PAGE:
Posted in "Monday Morning Coffee", Published Works, Short Stories, Weekend Writing Warriors, Weekly Features, Writing Sample

Glimpses of Him: #WeWriWa #8Sunday

Welcome to Weekend Writing Warriors’  

Eight Sentence Sunday!

It’s the weekly hop for everyone who loves to write! We’ve got a variety of genres and talented writers just waiting for you to come sample their wordy wares. Come read one, or all!

If you’re inclined to share your own 8-10 sentence snippet, follow the link and sign up. It’s a great community to be a part of! =D

“Monday Morning Coffee” is a story that’s been with me longer than my oldest child. It began, in its earliest form, when I was only sixteen, and there was a compelling news story that fired my sense of empathy and imagination. A teenaged boy with schizophrenia wandered away from his family at a large outdoor event, and, several days later, was found, deceased.

From that story came this one – the connection might not be clear to anyone but me – but it’s there.


A young woman waiting for her train is being watched by a threadbare man, and is considering his need and who might help him.

Glimpses of Him

Even if they do – can any one person give enough to meet the needs of this man, huddled by the refuse as though he’s nothing more than human garbage? Even if someone else helps him, is that any excuse for my pretending I don’t see him, or know his need? Who am I to insult him with pretended non-existence, just because he makes me uncomfortable? Certainly, even perched on the end of this bench, with my dripping bangs, and his scrutiny, I’m more comfortable than he is.

The machinery of my life is stalled; I can’t go on with my routine as though he’s not here.

As the girls pass, followed by a small knot of businessmen in trench coats, all silently jockeying for position, and using their briefcases as civilized bludgeons and shields, I catch glimpses of him, still watching, his cold-reddened hands curled around a travel mug that isn’t there. I can see them shaking.

Will the woman pretend she doesn’t see him?
Will anyone else help him?
Does he want to be helped?
Will she be able to get on with her Monday?

Come back next week and learn more!

“Monday Morning Coffee” was originally published in the 2015 edition of World Unknown Review,  edited by L.S. Engler.  Since I retain all rights beyond first publication, I intend to revise the story and add it as my own self-published library.

Last week, I was so excited to be finishing my post early that I totally forgot to add anything personal! I’m actually drafting this post early by over a week, but I didn’t want to ignore everyone,, so here I am, popping in just to say hi.

See you next week!

Want more #8Sunday? Here’s the button for you!


I am myself. I own my life, and live with three other people who own theirs. My intention is to do only those things that bring me joy, and to give myself wholly to those things I do. Writing has been my passion throughout my life, and this will become the home for my writing life...because it brings me great joy!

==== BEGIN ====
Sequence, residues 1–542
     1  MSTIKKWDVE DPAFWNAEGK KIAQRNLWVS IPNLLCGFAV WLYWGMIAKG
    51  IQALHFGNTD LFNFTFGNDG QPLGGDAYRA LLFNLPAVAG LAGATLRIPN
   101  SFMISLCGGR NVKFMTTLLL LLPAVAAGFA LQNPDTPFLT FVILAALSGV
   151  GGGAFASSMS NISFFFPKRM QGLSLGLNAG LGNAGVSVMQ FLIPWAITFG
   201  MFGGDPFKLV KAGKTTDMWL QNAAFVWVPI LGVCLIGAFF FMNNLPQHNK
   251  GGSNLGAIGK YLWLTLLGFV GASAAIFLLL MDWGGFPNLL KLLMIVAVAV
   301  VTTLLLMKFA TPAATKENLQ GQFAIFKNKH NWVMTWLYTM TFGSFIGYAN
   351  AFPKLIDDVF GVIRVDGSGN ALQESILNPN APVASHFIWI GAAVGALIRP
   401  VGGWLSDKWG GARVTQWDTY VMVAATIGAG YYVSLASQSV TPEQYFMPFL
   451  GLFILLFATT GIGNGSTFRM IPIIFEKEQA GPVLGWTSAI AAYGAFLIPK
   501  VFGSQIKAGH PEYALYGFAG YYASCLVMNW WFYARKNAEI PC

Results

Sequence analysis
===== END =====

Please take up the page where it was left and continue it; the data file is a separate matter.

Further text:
12 thoughts on “Glimpses of Him: #WeWriWa #8Sunday

  1. Keep giving her your most pathetic looks, Hudson. Eventually she’ll crack under the strain and you’ll get your cookie.

    1. Cookie, nothin’! Only a latte will do for this man, I think. He seems to share my love of hazelnuts, caramel, and caffeine! =D

  2. I love how you’ve characterized your POV character. She’s empathetic in a way that sets her apart from the other passersby.

    1. It is both. Hopefully, it will be less so, if this woman can overcome her tendency to sit there and think about how someone should be helping this man.

  3. The machinery of my life is stalled
    I love the rich tapestry of metaphors, Shan. I know these thoughts have crossed my mind when faced with the desperation of the homeless and destitute.

    1. Mine, too. This year has been difficult for our family, financially, but we own our own home, be it ever so small and shabby, and our elderly cars. Our kids are closer to grown than little now, and we live simply.
      But I’m more aware than ever of how easy it can be to find oneself on the other side of that line between surviving and desperation. I believe firmly that we ought to all help where we can, when we’re moved to, and not ignore the humanity suffering around us.

    1. She should. But she’s been sealed off in her own encapsulated Monday ritual for a long time now….
      I’m glad that you enjoyed it, and that you were finally able to comment on your own terms, Veronica!

  4. What a great scene, Shan! The depth, description and internalizing is amazing and makes the reader squirm, as we’re all guilty of being that person. A great reminder at this time of year to be kind and look beyond our own blessings.

    1. I firmly believe that every act of kindness makes a better world. I can’t fix all of what’s broken, but I can help sometimes, and I can always strive to be kind, and see the humanity in others.
      I hope our narrator/protagonist will be able to offer something helpful or kind….

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